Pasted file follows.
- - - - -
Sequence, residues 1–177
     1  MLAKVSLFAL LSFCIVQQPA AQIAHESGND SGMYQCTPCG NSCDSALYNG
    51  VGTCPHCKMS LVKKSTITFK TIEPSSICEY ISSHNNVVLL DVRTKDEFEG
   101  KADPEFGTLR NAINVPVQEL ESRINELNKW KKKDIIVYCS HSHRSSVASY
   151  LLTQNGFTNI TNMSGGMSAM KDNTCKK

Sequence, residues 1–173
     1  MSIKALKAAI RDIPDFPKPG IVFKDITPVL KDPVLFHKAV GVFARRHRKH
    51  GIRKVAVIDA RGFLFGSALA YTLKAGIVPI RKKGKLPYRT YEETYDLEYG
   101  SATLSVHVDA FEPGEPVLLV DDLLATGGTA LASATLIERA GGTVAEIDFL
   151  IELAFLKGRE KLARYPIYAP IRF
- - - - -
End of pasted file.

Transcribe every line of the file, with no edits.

Sequence, residues 1–177
     1  MLAKVSLFAL LSFCIVQQPA AQIAHESGND SGMYQCTPCG NSCDSALYNG
    51  VGTCPHCKMS LVKKSTITFK TIEPSSICEY ISSHNNVVLL DVRTKDEFEG
   101  KADPEFGTLR NAINVPVQEL ESRINELNKW KKKDIIVYCS HSHRSSVASY
   151  LLTQNGFTNI TNMSGGMSAM KDNTCKK

Sequence, residues 1–173
     1  MSIKALKAAI RDIPDFPKPG IVFKDITPVL KDPVLFHKAV GVFARRHRKH
    51  GIRKVAVIDA RGFLFGSALA YTLKAGIVPI RKKGKLPYRT YEETYDLEYG
   101  SATLSVHVDA FEPGEPVLLV DDLLATGGTA LASATLIERA GGTVAEIDFL
   151  IELAFLKGRE KLARYPIYAP IRF